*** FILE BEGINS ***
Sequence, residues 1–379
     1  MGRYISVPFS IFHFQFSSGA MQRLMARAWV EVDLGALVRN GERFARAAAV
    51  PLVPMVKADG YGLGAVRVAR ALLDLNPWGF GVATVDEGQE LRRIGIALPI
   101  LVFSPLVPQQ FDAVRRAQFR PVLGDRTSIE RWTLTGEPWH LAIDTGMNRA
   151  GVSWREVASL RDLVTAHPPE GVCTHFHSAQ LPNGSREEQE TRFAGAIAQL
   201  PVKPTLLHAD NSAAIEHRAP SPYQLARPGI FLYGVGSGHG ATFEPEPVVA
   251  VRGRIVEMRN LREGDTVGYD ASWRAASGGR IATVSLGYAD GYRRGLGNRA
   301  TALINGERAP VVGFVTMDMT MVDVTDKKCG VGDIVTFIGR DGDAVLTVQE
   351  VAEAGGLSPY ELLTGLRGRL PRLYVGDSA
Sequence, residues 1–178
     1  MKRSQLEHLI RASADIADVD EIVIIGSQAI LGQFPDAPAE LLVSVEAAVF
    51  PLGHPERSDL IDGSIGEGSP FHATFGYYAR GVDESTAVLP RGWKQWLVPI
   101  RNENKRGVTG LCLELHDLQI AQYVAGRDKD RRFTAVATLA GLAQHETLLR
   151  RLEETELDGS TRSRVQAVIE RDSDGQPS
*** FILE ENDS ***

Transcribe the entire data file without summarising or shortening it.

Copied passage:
Sequence, residues 1–379
     1  MGRYISVPFS IFHFQFSSGA MQRLMARAWV EVDLGALVRN GERFARAAAV
    51  PLVPMVKADG YGLGAVRVAR ALLDLNPWGF GVATVDEGQE LRRIGIALPI
   101  LVFSPLVPQQ FDAVRRAQFR PVLGDRTSIE RWTLTGEPWH LAIDTGMNRA
   151  GVSWREVASL RDLVTAHPPE GVCTHFHSAQ LPNGSREEQE TRFAGAIAQL
   201  PVKPTLLHAD NSAAIEHRAP SPYQLARPGI FLYGVGSGHG ATFEPEPVVA
   251  VRGRIVEMRN LREGDTVGYD ASWRAASGGR IATVSLGYAD GYRRGLGNRA
   301  TALINGERAP VVGFVTMDMT MVDVTDKKCG VGDIVTFIGR DGDAVLTVQE
   351  VAEAGGLSPY ELLTGLRGRL PRLYVGDSA
Sequence, residues 1–178
     1  MKRSQLEHLI RASADIADVD EIVIIGSQAI LGQFPDAPAE LLVSVEAAVF
    51  PLGHPERSDL IDGSIGEGSP FHATFGYYAR GVDESTAVLP RGWKQWLVPI
   101  RNENKRGVTG LCLELHDLQI AQYVAGRDKD RRFTAVATLA GLAQHETLLR
   151  RLEETELDGS TRSRVQAVIE RDSDGQPS